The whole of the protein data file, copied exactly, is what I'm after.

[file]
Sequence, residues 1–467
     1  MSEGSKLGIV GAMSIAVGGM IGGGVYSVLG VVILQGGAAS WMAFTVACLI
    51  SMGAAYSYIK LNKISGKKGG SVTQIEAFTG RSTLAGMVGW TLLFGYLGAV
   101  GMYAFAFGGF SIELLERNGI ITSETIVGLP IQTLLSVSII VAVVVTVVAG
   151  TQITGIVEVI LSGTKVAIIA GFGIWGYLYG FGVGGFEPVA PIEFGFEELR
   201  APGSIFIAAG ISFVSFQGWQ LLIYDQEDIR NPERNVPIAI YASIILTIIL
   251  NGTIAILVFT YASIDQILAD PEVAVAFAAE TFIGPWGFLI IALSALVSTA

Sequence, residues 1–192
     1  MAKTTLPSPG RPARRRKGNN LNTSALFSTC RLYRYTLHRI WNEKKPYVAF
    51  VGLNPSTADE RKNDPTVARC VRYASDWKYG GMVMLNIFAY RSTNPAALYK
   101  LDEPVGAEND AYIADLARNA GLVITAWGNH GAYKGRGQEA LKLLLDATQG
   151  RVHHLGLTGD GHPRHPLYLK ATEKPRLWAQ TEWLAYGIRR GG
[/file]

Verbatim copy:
Sequence, residues 1–467
     1  MSEGSKLGIV GAMSIAVGGM IGGGVYSVLG VVILQGGAAS WMAFTVACLI
    51  SMGAAYSYIK LNKISGKKGG SVTQIEAFTG RSTLAGMVGW TLLFGYLGAV
   101  GMYAFAFGGF SIELLERNGI ITSETIVGLP IQTLLSVSII VAVVVTVVAG
   151  TQITGIVEVI LSGTKVAIIA GFGIWGYLYG FGVGGFEPVA PIEFGFEELR
   201  APGSIFIAAG ISFVSFQGWQ LLIYDQEDIR NPERNVPIAI YASIILTIIL
   251  NGTIAILVFT YASIDQILAD PEVAVAFAAE TFIGPWGFLI IALSALVSTA

Sequence, residues 1–192
     1  MAKTTLPSPG RPARRRKGNN LNTSALFSTC RLYRYTLHRI WNEKKPYVAF
    51  VGLNPSTADE RKNDPTVARC VRYASDWKYG GMVMLNIFAY RSTNPAALYK
   101  LDEPVGAEND AYIADLARNA GLVITAWGNH GAYKGRGQEA LKLLLDATQG
   151  RVHHLGLTGD GHPRHPLYLK ATEKPRLWAQ TEWLAYGIRR GG